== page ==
A Well in Emmaus – Chapter 3   Leave a comment

Chapter 3

Insecurity

A couple were arguing in sign language near the entrance. Shane kept his eyes averted so he wouldn’t eavesdrop. Most Deaf didn’t expect their conversations to be “overheard”. He was rusty, but some concepts translated really well in natural sign.

Ouch, fella! Cheating’s never a good idea!

Shane paused inside the door. He’d selected the old market because it wasn’t large and should be quiet this time of night, but it echoed with the sounds of humanity. The overhead announced a cleanup on Aisle 4.

Resigned to being uncomfortably close to people, Shane grabbed a cart and turned into the bakery section. He shopped automatically, avoiding aisles with people in them, until he got to the milk, when he recognized that the cooler seemed awfully barren. He set the quart of whole in the cart next to a loaf of bread, a box of cereal, a carton of butter. He stared down the aisle. He’d selected whole because there was no 1%. He’d gotten butter because there’s been no margarine. He didn’t particularly like corn bran, but there’d been few other options. Now the luncheon meats were few and far between. Fresh produce looked empty. It wasn’t just him. The store really wasn’t normal. He grabbed a couple of rolls of designer toilet paper (what was left on the shelf) and headed for the checkout line.

Movement out of the corner of his eye caused him to flinch and reach for the gun he wasn’t carrying. Three teenagers laughed and shouted as they played keep-away with a roll of paper towels. Maybe it was better that he wasn’t carrying. Movement at the end of the aisle drew his attention. A shadow of dark robes flitted at the corner of his vision.

“It’s the trucker’s strike,” the guy ahead of him was saying to the checker. “It’s supposed to be settled tomorrow.” He gestured at his smart phone, where he must have had the news up.

The kids were still making a racket, bringing Myrastan alive in the supermarket. The building swirled around Shane as sound flooded over him. The overhead was playing some jazzy tune from a past generation too loudly. A dark robbed figure moved closer.

“ … 57,” the checker said. Shane stared at him. He was middle-aged, a little paunchy. His hazel eyes narrowed as Shane stood frozen. “That’ll be $15.57,” he repeated. Shane glanced at the register readout and reached for his wallet. He felt naked without a gun in a back holster. He stared at the bills in his wallet. Normally, he’d have calculated the change by now, but his brain felt wrapped in cotton-wool while at the same time all his senses were on hyper alert. He handed the checker a twenty and decided to trust him to make correct change. The checker trusted the register readout.

Shane sat in the parking lot for 10 minutes, trying to will her to get out of the passenger seat. He shouldn’t have driven. He could have walked the six blocks. Talk about distracted driving! Finally, he started the car and prayed for no traffic. The working class neighborhood of post-World War 2 housing was quiet this time of night. There were some kids playing pickup as he passed the high school and a cab turned a corner a few blocks ahead. By the time he reached his small rented house, he knew it would be another sleepless night. She was a shadow on the edge of his vision, but she would take solid shape when he tried to sleep, so he wouldn’t.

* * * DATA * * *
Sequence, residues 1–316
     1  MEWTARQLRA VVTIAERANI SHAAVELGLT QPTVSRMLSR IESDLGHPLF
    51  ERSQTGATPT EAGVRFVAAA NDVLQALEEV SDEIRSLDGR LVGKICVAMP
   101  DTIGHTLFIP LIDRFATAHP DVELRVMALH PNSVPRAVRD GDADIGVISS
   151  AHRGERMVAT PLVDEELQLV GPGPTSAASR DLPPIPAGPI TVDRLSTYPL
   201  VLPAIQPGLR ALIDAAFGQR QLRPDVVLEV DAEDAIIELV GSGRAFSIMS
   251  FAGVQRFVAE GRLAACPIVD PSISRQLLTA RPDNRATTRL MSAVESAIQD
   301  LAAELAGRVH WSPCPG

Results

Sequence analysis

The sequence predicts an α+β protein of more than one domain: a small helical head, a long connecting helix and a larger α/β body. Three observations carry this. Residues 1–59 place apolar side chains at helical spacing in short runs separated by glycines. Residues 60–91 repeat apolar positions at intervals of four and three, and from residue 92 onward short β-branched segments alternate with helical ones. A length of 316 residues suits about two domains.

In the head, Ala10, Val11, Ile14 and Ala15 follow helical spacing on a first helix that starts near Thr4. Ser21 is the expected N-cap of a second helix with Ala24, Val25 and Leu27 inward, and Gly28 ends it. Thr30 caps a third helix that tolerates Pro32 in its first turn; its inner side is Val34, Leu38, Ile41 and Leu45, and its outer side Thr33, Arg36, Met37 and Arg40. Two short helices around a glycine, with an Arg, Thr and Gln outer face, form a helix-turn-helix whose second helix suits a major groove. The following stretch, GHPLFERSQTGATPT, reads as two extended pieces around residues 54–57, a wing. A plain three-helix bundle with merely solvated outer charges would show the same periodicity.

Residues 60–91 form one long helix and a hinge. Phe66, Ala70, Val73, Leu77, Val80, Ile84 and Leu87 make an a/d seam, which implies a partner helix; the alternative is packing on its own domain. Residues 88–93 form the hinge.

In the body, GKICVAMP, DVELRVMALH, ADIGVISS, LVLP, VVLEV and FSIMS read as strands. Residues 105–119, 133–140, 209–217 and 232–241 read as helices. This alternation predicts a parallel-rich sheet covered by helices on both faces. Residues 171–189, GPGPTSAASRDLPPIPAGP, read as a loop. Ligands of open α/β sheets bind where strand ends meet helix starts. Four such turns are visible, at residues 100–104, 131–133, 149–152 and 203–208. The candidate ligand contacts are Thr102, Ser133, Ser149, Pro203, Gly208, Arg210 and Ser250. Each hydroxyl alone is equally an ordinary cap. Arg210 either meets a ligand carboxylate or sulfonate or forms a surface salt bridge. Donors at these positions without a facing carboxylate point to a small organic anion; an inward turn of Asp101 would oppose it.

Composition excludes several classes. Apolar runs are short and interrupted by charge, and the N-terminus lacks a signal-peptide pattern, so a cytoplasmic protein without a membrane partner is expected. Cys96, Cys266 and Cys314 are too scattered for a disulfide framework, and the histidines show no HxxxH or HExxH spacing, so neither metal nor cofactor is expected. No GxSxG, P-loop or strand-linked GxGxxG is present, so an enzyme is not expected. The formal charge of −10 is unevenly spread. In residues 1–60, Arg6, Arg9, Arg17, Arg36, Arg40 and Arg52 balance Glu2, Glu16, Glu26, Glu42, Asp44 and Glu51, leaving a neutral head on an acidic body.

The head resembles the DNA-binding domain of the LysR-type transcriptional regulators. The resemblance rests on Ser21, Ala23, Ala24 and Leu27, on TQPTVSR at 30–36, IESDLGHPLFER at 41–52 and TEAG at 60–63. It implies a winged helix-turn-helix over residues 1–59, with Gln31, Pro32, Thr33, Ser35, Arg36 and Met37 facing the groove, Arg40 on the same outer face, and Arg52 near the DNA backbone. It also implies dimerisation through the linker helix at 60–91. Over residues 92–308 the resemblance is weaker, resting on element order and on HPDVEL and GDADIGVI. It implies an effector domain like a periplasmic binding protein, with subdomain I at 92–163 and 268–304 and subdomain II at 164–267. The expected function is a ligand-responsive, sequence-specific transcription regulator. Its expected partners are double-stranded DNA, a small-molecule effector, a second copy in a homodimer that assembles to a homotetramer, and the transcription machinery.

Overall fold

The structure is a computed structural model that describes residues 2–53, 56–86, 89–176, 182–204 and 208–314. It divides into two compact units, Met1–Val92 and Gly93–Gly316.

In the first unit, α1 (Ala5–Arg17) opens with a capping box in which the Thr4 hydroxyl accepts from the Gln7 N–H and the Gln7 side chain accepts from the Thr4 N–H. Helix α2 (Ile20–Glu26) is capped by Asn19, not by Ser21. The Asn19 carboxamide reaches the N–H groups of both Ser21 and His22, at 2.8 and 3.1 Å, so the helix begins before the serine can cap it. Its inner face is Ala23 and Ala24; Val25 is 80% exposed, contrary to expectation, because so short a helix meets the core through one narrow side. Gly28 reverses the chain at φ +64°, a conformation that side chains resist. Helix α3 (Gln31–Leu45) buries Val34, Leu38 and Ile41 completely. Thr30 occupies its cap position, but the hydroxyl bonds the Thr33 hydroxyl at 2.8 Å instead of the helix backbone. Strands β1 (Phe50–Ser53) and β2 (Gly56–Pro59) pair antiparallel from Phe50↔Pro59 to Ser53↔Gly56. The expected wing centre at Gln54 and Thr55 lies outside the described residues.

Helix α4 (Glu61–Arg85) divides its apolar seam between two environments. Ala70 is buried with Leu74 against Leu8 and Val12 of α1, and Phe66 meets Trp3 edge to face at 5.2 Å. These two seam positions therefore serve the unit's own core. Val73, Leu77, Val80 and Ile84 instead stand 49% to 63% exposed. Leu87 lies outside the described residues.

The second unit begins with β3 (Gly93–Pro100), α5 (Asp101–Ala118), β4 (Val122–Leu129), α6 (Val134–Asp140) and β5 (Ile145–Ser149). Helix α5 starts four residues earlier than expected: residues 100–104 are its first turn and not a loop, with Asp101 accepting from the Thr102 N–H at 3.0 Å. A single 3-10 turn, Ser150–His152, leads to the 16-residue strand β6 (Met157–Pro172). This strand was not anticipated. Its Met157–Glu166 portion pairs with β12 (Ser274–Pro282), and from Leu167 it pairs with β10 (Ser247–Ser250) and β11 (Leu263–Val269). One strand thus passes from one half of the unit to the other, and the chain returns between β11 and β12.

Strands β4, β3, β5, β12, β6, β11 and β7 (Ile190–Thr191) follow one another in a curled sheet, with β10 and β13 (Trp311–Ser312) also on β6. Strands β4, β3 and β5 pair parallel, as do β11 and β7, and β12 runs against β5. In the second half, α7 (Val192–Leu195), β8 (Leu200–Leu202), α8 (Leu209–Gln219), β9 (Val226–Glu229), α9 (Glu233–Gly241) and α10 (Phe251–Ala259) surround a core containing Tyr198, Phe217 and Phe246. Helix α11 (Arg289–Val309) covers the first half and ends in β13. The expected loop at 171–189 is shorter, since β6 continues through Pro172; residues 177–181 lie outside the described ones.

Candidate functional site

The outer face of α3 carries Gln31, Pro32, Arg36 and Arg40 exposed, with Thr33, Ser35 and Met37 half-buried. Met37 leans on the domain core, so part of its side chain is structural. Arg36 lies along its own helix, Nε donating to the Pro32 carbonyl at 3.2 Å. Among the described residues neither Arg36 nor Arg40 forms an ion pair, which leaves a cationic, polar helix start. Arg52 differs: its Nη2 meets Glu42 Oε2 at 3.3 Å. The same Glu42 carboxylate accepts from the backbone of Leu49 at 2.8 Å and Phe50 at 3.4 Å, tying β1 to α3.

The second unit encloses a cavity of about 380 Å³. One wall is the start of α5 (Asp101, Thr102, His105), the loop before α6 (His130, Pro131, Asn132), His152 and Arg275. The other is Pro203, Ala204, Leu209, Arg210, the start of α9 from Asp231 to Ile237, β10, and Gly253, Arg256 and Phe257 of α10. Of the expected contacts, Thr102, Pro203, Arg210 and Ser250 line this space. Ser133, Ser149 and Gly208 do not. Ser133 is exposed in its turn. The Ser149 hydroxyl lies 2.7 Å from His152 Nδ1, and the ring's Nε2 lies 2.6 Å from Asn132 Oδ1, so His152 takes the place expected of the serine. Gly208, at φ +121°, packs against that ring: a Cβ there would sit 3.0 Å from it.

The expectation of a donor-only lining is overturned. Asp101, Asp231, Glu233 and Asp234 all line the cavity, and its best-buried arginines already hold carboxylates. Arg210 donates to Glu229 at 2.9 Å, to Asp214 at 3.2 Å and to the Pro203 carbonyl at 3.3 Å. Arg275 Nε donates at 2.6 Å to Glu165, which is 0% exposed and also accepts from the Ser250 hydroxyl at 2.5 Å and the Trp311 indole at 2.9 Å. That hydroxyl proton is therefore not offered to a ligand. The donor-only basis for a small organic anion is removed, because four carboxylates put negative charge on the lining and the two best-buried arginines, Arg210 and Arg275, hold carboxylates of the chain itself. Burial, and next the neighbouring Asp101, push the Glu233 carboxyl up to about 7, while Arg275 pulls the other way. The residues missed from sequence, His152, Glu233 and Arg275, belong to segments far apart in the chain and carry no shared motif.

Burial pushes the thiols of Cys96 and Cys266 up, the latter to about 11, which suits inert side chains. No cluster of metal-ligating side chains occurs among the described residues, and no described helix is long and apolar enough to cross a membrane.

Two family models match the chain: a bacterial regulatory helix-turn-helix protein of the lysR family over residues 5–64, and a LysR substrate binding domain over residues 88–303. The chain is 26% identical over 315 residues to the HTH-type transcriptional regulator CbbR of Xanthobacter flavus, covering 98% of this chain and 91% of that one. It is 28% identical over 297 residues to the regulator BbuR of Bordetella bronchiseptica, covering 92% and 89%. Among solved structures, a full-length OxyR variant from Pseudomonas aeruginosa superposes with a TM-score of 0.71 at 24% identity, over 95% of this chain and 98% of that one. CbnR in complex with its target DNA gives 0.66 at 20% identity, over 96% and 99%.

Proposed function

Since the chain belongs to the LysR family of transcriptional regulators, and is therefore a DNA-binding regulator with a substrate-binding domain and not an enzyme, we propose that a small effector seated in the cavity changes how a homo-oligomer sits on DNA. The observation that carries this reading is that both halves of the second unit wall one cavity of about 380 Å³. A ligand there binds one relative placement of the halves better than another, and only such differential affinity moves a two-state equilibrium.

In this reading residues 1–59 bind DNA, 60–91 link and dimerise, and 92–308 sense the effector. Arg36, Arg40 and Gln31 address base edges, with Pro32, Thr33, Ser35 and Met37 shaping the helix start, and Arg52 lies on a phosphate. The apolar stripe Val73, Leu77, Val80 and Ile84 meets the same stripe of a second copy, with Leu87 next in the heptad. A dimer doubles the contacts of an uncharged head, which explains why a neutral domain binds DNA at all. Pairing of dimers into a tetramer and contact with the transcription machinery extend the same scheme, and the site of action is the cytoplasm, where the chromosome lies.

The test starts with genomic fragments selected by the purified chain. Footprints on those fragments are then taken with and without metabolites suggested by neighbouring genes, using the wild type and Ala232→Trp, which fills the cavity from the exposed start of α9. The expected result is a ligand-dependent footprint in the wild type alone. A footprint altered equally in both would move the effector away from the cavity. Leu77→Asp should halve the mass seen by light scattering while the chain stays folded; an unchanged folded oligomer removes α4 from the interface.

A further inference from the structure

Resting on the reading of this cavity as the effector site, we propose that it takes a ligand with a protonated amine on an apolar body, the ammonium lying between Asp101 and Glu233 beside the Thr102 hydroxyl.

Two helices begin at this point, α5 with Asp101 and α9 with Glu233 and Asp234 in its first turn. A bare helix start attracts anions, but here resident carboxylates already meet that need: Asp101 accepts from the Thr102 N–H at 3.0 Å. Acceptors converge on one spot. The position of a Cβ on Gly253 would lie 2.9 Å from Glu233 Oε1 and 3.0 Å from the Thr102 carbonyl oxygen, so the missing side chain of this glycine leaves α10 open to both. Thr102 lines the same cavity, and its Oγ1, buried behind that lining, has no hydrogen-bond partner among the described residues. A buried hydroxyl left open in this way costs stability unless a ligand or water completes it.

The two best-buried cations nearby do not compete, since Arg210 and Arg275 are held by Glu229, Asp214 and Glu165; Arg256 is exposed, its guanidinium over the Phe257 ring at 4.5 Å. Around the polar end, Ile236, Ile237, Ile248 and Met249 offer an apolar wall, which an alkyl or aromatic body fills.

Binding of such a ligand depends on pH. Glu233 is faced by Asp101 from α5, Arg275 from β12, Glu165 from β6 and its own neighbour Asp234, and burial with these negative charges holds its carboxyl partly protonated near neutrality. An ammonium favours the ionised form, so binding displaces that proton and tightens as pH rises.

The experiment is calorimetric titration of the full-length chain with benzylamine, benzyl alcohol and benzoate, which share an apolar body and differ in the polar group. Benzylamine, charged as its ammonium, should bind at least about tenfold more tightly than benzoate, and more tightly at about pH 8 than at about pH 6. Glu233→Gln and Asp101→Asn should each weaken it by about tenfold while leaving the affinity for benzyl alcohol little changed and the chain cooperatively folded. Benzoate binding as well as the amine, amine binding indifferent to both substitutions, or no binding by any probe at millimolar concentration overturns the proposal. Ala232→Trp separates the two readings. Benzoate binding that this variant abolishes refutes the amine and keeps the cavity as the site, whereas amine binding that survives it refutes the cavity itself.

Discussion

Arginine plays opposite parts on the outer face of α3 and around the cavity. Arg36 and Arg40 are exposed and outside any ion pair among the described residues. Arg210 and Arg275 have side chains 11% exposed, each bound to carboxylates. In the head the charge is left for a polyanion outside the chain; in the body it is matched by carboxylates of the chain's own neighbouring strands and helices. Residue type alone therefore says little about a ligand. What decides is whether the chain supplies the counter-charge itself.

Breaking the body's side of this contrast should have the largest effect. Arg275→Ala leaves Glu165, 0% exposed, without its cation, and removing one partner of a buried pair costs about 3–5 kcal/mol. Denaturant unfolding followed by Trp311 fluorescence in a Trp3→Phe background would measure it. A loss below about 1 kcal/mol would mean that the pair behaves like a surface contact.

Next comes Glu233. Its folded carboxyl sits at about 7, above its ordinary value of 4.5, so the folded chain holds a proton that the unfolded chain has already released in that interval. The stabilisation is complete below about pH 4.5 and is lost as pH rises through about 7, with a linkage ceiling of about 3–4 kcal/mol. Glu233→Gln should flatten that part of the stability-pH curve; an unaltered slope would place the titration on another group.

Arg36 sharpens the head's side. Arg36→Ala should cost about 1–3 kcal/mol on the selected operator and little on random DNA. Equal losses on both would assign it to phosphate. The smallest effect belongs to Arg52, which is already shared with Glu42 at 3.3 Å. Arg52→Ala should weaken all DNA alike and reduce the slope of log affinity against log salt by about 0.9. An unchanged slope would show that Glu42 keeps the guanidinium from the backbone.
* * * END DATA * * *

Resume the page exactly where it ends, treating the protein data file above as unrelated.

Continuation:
Shane pulled up to the garage and looked up and down the street. A dog barked. The neighbor three houses down on the opposite side was bringing groceries in too. Someone’s flowers were perfuming the air too strongly. The street was quiet. A couple of blocks away, a car turned a corner. Somehow it was harder to sleep when the neighborhood was quiet and yet Shane knew he’d be alert to every sound for blocks. It was the legacy of war. He’d never thought about what his dad must have gone through when he’d come back from Vietnam. This? That would explain the drinking and the moving to a small town in the middle of nowhere.

He was almost relieved to find Rigby sitting at his kitchen table, though his hand twitched toward the gun he didn’t have before he recognized him.

“I guess I don’t need to ask why you turned your phone off,” Rigby said while Shane put the grocery bags on the counter. “When was the last time you slept?”

Shane shook his head. He’d lost track. The last time he’d laid down in bed, he’d tried to eat a gun when he woke up. Bedtime no longer seemed safe. He caught a few hours here and there, passed out on the couch. Drinking didn’t seem to help the process, so he’d given it up as not worth the effort.

Rigby looked like a redneck tonight – plaid shirt, jeans, baseball cap. He appeared in Shane’s life from time to time and you never knew who he might be – an accountant, a tourist, a cab driver …. Soldier, tinker, tailor, spy. He’d been Shane’s handler for a half decade now.

“Whatever you want me to do ….” Was that his voice echoing through the house? Why was the floor heaving up and down like a ship at sea? I should have taken out the garbage!

“Don’t worry about it,” Rigby assured him. “You clearly aren’t up for anything right now. I knew you’d turned down a couple of offers from BW. When you turned off your phone, I got concerned. Glad to find you still breathing.” He assessed Shane’s reaction. “That bad, huh?”

“What do you mean?”

“Ramah still haunts you.” Shane flinched, but Rigby didn’t need to be told. It hadn’t been a question. “You need to leave,” Rigby told him. “BW is not going to let a talent like Eric go easily and my asset Eric may have enemies. You should go back to being you.”

Shane mulled Rigby’s words over slowly.

“How do I do that?” he asked. He’d never given it serious thought and now even casual consideration seemed overwhelming.

Rigby had been looking in his smart phone while Shane tried to remember how to think.